Current filaments in turbulent magnetized plasmas. E. Martines. Introduction. Turbulent transport in fusion plasmas is intermittent , because it is dominated by the contribution of coherent structures .
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turbulent magnetized plasmas
Turbulent transport in fusion plasmas is intermittent, because it is dominated by the contribution of coherent structures.
Coherent structures (blobs) are usually identified through their electrostatic features (potential or density structures).
However, at the values found in the edge of fusion devices, electromagnetic features are expected.
This is the main (but not exclusive) motivation for looking for current filaments.
A good ground for comparison with other plasma physics branches.
... and certainly many others!!
U-probe, a complex probe equipped with triple probes (n, Te, p) and magnetic probes (Br, B, B).
In particular, we can compute
The magnetic field and EB hodograms in the perpendicular plane display closed patterns, corresponding to the effect of current density and vorticity filaments,
The vEB perturbation matches the Alfvén velocity one.
The current density filament is associated to a parallel vorticity peak, i.e. the fluid rotates in the perpendicular plane.
All these results, taken together,
allow to identify the detected structures as
Drift Alfvén vortices
M. Spolaore et al., “Direct measurement of current filament structures in a magnetic confinement fusion device”, submitted to Physical Review Letters.
N. Vianello et al., “Observation of drift-Alfvén vortices in a laboratory plasma”, submitted to Nature Physics.
Drift-Alfvén vortices have been observed in the magnetosphere by the 4-spaceship Cluster mission.
D. Sundkvist et al., Nature 436, 825 (2005).
Sawtooth crashes in RFPs are accompanied by a growth of m=1 modes, with an energy cascade towards higher n.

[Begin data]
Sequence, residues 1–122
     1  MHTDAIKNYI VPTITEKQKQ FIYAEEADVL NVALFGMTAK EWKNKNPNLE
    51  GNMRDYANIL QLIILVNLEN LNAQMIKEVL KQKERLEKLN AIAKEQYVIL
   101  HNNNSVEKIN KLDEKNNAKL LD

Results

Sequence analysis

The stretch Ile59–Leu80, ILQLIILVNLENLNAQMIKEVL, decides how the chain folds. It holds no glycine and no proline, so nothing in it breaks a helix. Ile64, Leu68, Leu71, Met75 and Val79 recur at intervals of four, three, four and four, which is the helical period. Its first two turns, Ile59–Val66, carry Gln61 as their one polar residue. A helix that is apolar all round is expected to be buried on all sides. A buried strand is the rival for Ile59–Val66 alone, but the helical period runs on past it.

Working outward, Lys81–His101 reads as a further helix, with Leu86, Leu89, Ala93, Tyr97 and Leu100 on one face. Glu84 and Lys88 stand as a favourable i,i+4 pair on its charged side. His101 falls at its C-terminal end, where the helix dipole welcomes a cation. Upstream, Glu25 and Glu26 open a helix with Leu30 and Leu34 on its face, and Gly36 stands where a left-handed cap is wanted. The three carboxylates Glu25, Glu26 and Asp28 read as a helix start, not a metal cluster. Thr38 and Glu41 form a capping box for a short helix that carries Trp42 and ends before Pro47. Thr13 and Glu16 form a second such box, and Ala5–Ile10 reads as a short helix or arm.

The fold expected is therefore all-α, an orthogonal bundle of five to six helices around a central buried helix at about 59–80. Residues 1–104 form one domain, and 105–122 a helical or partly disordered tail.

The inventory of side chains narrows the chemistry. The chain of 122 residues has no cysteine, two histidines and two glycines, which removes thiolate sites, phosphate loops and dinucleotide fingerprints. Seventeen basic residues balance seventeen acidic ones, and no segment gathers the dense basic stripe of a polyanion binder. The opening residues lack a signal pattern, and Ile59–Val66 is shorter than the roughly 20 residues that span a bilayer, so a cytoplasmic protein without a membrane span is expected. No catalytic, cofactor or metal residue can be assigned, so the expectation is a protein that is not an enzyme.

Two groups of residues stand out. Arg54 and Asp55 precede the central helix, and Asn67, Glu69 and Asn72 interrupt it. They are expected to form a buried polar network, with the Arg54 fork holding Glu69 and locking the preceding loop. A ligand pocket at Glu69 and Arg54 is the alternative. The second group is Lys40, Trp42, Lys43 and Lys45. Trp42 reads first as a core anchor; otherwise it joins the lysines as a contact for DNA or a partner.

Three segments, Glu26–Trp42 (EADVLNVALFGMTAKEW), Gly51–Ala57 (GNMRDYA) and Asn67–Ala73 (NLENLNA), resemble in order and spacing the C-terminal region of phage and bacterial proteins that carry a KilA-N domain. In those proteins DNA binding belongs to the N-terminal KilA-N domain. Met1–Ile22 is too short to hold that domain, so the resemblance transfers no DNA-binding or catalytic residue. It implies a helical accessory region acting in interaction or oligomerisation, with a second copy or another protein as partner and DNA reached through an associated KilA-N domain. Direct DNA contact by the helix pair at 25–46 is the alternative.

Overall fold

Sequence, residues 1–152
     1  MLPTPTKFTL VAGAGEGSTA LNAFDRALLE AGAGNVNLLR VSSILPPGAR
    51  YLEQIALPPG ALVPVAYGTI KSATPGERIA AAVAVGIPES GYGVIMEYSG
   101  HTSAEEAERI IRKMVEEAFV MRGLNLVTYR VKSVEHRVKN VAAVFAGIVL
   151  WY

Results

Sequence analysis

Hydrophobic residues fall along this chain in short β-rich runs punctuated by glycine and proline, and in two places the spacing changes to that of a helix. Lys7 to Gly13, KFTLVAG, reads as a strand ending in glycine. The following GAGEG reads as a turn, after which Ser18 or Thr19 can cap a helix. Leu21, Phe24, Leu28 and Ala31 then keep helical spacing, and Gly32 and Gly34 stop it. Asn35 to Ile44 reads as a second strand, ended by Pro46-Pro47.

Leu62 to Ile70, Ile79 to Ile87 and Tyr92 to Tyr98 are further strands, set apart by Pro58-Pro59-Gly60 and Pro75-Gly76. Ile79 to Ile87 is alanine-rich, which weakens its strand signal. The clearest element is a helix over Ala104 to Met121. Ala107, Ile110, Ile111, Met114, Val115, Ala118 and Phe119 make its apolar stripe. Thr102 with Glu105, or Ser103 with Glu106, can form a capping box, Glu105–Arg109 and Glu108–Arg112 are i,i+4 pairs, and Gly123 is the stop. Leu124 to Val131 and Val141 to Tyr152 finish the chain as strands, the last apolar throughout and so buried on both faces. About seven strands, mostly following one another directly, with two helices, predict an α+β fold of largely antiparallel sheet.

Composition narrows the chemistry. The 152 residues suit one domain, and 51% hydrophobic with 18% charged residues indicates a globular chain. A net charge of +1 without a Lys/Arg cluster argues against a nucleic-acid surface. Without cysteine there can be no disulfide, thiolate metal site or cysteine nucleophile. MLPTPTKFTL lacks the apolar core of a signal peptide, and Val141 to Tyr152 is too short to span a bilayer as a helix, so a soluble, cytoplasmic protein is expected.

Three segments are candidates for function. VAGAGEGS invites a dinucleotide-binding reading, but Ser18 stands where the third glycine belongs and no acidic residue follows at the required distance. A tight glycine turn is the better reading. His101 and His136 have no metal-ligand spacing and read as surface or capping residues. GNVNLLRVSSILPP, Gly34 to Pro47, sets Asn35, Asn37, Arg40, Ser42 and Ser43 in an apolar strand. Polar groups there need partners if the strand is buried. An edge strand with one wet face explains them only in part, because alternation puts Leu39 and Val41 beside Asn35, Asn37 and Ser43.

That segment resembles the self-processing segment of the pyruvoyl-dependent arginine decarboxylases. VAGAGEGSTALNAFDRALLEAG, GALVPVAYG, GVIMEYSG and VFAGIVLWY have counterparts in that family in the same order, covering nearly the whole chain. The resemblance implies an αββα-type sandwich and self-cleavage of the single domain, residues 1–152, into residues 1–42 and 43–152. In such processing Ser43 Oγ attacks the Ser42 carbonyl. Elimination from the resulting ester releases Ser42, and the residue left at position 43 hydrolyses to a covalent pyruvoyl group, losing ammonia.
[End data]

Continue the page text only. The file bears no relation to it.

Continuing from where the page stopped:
Subsequently, the m=1 amplitude drops and energy is transferred to a localized m=0 magnetic perturbation, which is formed at the locking position and then starts to rotate.
Using the U-probe, the passage of the m=0 perturbation has been associated to a parallel current density perturbation, which can be identified as the current sheet associated to the reconnection event.
The perturbation amplitude decays exponentially as it moves toroidally, with a time constant of about 400 s.
Considering the magnetic field diffusion equation
and neglecting the convection term, this yields an upper limit to the radial size of the structure of about 6 cm.
The toroidal dimension of the current sheet is of the order of 2 m.
M. Zuin et al., Plasma Phys. Control. Fusion 51, 035012 (2009).
Current sheets have been measured by the Cluster mission in reconnection events occurring in the bow-shock region of the magnetosphere.
The sheet thickness is ~ i, i.e. 100 km.
A. Retinò, D. Sundkvist et al., Nature Physics 3, 235 (2007).
Plasma filamentation during ELMs is observed in many tokamaks.
Three components of B measured by an insertable probe during type I ELMs in ASDEX-Upgrade.
Low-frequency (< 20 kHz) fluctuations are analysed using the Degree of Polarization (DOP) technique looking for coherent structures.
ELMs exhibit multiple peaks in Isat (density) and increased magnetic activity, with a drop in DOP indicating the presence of coherent structures.
3D hodograms (Br- B-B plots)display elliptic closed trajectories, lying in a plane which is found to be perpendicular to the average magnetic field.
This is the signature of field-aligned current filaments.
N. Vianello, R. Schrittwieser, V. Naulin et al., “Direct observation of current in ELM filaments on ASDEX Upgrade”, to be submitted to Physical Review Letters.
Through the use of insertable probes:
RFX-mod can contribute to the study of current filaments through: